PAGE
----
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    Jan. 4, 2007
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    TX
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    Here is a web site with much information and also legal information about parents rights and how to find help:

    http://www.wrightslaw.com/info/autism.faqs.nichcy.htm



  14. #34
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    What everyone else said. From what I've seen, having a disabled child means the mother has to really, really get tough. It takes a lot of extra time and strength and willpower to find those programs and funding for the special needs, and to cope with rude people. Your friend is already isolated and poor and dominated by a jerk husband, so she's in an even worse position than most. It's great that you're going to help her and her daughter.


    1 members found this post helpful.

  15. #35
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    Mar. 4, 2010
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    In Ohio we have county level Developmental Disability boards. They are a one stop place to get all the information a parent needs, and material help as well. Don't know if they have the same thing in her state, but that's what she needs. It's good that she's been referred to Early Intervention - the child will get a case worker and I'm sure they'll be able to coordinate a lot of her care too and then point her in the right direction for after age 3. A good pediatrician will help as well.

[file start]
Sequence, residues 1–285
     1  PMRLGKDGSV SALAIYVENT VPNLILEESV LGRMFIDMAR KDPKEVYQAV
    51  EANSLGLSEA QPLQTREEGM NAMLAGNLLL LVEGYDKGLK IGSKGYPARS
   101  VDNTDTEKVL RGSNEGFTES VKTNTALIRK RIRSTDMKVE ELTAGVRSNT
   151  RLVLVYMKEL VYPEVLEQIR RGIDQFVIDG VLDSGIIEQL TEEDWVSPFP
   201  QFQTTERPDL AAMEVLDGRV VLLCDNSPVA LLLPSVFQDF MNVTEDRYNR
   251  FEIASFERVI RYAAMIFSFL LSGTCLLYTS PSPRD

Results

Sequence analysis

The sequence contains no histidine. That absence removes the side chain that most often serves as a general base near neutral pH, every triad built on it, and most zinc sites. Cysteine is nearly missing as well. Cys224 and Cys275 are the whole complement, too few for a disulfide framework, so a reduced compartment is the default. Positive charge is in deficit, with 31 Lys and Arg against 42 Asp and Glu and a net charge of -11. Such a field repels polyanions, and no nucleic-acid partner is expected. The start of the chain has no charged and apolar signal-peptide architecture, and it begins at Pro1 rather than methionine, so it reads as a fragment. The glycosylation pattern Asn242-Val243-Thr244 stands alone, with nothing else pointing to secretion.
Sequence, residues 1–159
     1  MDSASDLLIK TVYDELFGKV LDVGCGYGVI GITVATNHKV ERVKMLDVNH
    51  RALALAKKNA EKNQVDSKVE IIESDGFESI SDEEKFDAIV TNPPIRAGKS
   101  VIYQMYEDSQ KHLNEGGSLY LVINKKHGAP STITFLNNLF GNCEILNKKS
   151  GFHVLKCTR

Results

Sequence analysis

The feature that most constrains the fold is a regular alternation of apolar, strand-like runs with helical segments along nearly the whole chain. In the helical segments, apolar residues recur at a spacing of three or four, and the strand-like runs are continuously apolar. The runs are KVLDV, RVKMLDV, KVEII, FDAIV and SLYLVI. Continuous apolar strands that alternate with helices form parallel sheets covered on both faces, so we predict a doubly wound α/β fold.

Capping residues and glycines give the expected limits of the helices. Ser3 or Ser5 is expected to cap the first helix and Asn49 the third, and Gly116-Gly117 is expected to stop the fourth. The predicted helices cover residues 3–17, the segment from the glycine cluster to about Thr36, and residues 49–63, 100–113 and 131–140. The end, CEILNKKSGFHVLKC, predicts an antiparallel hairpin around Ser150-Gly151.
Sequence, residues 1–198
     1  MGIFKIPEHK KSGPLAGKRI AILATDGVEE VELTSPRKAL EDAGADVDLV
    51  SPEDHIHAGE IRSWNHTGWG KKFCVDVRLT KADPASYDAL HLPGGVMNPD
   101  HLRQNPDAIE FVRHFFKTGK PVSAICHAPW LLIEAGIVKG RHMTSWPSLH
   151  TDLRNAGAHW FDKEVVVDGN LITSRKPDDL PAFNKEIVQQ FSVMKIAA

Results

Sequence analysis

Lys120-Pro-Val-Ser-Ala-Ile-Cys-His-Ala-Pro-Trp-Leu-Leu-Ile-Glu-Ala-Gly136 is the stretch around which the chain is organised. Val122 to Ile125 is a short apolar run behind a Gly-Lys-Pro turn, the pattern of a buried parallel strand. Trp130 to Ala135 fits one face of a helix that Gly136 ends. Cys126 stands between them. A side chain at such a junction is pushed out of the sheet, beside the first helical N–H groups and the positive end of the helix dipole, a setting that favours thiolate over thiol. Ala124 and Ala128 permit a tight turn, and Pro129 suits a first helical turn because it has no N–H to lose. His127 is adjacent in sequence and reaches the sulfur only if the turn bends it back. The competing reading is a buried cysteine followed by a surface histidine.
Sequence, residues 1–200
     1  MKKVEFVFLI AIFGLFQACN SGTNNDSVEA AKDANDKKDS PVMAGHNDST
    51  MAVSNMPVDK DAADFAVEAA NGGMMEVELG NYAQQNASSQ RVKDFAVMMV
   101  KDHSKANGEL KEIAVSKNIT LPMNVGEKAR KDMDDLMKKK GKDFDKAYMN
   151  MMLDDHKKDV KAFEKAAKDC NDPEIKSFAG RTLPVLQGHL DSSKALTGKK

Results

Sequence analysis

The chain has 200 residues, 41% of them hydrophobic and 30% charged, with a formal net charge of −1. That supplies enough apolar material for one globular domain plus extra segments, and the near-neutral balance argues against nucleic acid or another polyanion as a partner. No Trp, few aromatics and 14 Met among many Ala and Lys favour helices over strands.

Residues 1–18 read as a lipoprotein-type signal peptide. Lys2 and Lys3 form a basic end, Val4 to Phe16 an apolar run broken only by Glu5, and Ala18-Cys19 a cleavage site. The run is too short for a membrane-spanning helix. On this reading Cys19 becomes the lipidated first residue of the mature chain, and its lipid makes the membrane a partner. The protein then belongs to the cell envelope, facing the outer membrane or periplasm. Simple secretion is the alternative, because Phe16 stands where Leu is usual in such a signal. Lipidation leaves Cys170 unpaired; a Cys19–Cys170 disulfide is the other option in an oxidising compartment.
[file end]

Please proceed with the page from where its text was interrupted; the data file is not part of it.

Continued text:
Does her area have 211 service? That's information and referral - you call one number and they try to point you in the right direction as far as resources.

    You are a great friend to help her do the legwork and be her advocate while she is trying to work through this new reality. It's a huge help to have someone who is not so emotionally upset deal with coordinating all the care.

    You might also call the local child protection services - not because the child is being abused, but because someone might be able to point you to resources you might have missed.

    Best of luck to everyone. Hope she is able to improve her marriage and get all the help the little one needs.



  16. #36
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    It's so important to have early intervention. You absolutely did the right thing and now you can help her by finding services to help her daughter.
    "We can judge the heart of a man by his treatment of animals." ~Immanuel Kant



  17. #37
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    Aug. 4, 2006
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    Branson, Missouri
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    Superminion, NAMI can be an excellent resource as well. NAMI has over 1000 offices and may be able to help as well. I think the idea of her being able to visit you is the best. Having caring, supportive friends can only help her, and perhaps eventually give her the courage to make smart relationship choices. Thank you for being a conscientious friend.
    "I'm an idealist. I don't know where I'm going, but I'm on my way."



  18. #38
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    Sep. 19, 2003
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    Early intervention. She needs to get this child into early intervention now. She can ask at her pediatrician's office or whatever doctor she goes to. I have a child with albinism who was born legally blind. We got home visits for physical therapy and vision therapy and she qualified for public preschool as soon as she turned 3. Totally unrelated to income.